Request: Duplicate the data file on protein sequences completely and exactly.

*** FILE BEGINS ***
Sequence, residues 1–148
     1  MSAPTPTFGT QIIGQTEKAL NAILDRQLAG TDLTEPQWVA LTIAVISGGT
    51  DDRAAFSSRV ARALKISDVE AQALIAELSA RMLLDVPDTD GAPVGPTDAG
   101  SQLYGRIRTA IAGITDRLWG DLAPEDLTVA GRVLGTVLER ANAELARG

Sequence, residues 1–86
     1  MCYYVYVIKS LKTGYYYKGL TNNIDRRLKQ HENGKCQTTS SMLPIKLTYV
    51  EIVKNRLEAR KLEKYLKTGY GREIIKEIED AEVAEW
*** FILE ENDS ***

Sequence, residues 1–148
     1  MSAPTPTFGT QIIGQTEKAL NAILDRQLAG TDLTEPQWVA LTIAVISGGT
    51  DDRAAFSSRV ARALKISDVE AQALIAELSA RMLLDVPDTD GAPVGPTDAG
   101  SQLYGRIRTA IAGITDRLWG DLAPEDLTVA GRVLGTVLER ANAELARG

Sequence, residues 1–86
     1  MCYYVYVIKS LKTGYYYKGL TNNIDRRLKQ HENGKCQTTS SMLPIKLTYV
    51  EIVKNRLEAR KLEKYLKTGY GREIIKEIED AEVAEW